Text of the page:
Moody's: Global Growth to Remain muted As Emerging Markets Weigh on Us, advanced Economies
Weak growth in emerging markets, driven by low commodity prices and weak export demand, will continue to act as a drag on the global economy this year, says Moody's Investors Service. Moody's has lowered its 2016 growth forecasts for Argentina, Brazil, Mexico and Turkey, as the effects of the weaker external demand and lower commodity prices have compounded domestic structural and political challenges. Moody's currently forecasts G20 emerging markets growth at 4.2% for 2016 compared to 4.4% in 2015. For G20 advanced markets growth is predicted to slide to 1.7% for 2016 from 1.9% in 2015.
"The global recovery has weakened further and the outlook across countries remains uneven and largely weaker than over the past two decades," said Elena Duggar, an Associate Managing Director at Moody's. "Global trade remains subdued, while spillovers from emerging markets shocks to financial markets globally have increased substantially."
Moody's has lowered its growth projection for the US to 2.0% from 2.3% for 2016, to reflect weakness in the first quarter, followed by 2.3% growth in 2017. The strong recent pick-up in consumer confidence and spending, and the continued strength of the services industry underlines the resilience of the US economy.
"Consumption should pick up through the remainder of the year as the labor market continues to improve and wages rise," said Madhavi Bokil, a Vice President and Senior Analyst at Moody's "Nonetheless, the drag on the US economy exerted by the combination of subdued global demand and weak business investment is likely to remain."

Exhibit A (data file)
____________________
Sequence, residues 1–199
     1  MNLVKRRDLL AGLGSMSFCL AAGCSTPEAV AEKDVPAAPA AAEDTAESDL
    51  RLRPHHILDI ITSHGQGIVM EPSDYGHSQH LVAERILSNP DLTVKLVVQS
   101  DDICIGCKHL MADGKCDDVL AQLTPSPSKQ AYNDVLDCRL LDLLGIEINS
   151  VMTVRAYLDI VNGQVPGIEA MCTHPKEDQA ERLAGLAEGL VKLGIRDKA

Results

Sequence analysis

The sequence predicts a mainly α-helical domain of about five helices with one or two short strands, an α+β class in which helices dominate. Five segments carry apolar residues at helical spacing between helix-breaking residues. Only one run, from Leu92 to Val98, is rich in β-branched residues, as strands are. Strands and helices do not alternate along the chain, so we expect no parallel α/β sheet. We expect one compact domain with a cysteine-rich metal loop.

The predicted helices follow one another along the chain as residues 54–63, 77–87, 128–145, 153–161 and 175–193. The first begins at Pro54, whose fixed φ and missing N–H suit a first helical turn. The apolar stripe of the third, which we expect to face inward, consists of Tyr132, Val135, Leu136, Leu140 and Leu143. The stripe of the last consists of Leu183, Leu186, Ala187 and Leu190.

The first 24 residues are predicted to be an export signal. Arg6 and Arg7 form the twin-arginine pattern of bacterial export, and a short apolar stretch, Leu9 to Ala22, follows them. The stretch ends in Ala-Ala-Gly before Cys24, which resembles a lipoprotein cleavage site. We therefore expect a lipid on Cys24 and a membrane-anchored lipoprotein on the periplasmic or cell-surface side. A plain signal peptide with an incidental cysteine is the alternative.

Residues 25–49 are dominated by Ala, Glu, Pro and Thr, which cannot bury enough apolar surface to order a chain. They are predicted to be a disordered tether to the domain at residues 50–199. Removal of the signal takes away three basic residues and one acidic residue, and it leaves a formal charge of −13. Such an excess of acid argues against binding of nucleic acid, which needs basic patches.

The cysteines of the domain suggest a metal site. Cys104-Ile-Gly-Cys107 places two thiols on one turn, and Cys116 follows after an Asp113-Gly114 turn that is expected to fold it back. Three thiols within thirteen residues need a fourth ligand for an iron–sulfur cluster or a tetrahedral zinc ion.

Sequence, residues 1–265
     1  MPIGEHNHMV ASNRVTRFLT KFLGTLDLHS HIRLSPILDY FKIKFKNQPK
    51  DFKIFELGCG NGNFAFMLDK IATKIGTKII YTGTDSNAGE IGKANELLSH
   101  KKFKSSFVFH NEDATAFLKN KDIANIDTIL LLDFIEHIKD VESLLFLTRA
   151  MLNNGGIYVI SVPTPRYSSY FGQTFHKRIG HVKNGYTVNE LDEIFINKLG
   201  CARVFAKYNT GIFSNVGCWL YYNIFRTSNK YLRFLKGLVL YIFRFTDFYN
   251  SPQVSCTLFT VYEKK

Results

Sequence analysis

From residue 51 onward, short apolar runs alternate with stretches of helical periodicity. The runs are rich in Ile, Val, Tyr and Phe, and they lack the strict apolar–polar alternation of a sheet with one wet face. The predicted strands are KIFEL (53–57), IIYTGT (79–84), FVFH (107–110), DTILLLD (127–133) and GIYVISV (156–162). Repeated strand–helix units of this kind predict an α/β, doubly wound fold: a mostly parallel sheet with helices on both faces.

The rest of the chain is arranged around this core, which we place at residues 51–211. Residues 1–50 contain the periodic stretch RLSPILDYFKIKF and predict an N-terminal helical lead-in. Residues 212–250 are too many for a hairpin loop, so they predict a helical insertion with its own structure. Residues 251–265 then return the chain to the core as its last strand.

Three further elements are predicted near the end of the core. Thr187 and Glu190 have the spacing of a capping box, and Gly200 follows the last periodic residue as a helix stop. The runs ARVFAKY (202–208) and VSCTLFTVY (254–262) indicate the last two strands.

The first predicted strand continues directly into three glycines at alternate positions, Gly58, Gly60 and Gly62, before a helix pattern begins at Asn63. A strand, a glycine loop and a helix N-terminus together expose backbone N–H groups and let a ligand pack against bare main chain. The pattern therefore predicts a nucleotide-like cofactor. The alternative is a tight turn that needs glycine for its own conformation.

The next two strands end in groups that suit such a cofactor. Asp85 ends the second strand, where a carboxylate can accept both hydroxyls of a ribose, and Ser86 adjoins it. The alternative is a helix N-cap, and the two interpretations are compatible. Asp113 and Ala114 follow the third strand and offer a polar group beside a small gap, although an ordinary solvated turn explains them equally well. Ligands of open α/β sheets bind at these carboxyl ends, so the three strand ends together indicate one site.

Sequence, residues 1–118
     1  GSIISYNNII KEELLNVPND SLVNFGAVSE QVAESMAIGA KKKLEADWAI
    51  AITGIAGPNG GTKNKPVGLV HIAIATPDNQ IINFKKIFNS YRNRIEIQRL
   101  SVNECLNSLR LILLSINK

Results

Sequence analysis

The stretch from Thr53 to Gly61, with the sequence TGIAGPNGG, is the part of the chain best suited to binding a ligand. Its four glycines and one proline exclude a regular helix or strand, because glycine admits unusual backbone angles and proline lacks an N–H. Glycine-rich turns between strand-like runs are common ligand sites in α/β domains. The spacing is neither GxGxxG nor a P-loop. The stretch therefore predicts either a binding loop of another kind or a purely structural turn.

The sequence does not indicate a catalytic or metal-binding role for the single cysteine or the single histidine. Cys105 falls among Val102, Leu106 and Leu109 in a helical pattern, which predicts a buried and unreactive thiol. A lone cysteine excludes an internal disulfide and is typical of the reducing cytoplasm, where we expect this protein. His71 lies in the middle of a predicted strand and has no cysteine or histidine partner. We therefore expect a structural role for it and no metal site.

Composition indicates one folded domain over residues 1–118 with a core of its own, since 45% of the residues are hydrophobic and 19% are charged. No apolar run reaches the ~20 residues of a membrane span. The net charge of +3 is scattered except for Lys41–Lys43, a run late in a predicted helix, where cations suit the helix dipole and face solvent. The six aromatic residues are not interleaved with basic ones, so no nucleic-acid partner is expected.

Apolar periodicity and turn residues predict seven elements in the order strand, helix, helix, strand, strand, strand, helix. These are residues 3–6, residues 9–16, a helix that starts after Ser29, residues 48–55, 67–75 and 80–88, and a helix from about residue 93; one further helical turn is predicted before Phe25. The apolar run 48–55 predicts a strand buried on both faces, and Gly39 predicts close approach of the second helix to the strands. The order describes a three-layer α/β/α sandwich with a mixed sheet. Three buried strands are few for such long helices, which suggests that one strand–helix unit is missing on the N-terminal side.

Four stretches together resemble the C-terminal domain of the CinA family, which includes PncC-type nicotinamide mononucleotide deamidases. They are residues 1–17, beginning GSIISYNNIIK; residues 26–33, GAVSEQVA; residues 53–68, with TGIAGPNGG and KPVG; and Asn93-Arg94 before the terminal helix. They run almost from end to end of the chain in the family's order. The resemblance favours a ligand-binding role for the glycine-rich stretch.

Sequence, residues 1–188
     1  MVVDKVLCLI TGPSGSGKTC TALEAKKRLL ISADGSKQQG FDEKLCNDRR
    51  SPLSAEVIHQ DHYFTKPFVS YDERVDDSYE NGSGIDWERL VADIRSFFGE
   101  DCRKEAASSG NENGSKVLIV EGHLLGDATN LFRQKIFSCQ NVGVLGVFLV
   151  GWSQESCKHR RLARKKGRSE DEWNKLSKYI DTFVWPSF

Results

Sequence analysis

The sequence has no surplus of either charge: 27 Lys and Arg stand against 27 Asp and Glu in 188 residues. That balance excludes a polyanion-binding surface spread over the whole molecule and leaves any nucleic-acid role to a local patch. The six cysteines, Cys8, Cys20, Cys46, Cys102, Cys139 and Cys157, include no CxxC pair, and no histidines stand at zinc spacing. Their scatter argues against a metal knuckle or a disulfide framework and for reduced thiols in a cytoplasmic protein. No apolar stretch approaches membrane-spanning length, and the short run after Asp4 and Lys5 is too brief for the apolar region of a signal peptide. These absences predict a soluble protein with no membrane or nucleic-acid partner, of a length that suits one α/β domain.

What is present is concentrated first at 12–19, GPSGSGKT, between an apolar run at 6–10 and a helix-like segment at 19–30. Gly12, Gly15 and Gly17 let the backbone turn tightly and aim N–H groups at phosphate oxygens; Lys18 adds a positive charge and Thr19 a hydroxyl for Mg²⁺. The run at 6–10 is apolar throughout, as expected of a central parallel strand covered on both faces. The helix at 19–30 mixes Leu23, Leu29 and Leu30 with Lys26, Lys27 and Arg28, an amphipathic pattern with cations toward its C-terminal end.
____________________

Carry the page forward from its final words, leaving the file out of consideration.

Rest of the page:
Moody's expects that the Federal Reserve will raise its benchmark interest rate at most twice this year. Policy makers will raise rates gradually, giving investors ample forward guidance as they seek to minimize the negative impact that higher borrowing costs will have on growth and the potential disruption they could cause to global capital markets.
A more pronounced slowdown in China's economy than anticipated is currently one of the biggest risks to the global economy. Slower growth in China, the world's second-biggest economy, could have a significant knock-on effect on global growth by increasing risk aversion, ramping up financial market stress, and souring sentiment.
China's economy will slow gradually from 6.9% in 2015 to around 6.3% in 2016, guided by policies intended to bolster growth, according to the report "Global Macro Outlook 2016-17: Further Weakness in Emerging Markets Amid Persistent Downside Risks."
"The fears of a Chinese hard landing have eased in recent months with first quarter data suggesting that the economy is stabilizing," added Bokil. "However, the government's focus on achieving specific growth targets, could come at a cost to the quality of growth."
China's growth continues to be supported by increased borrowing, which ultimately will increase longer-term risks, particularly within the banking system.
News are provided by InstaForex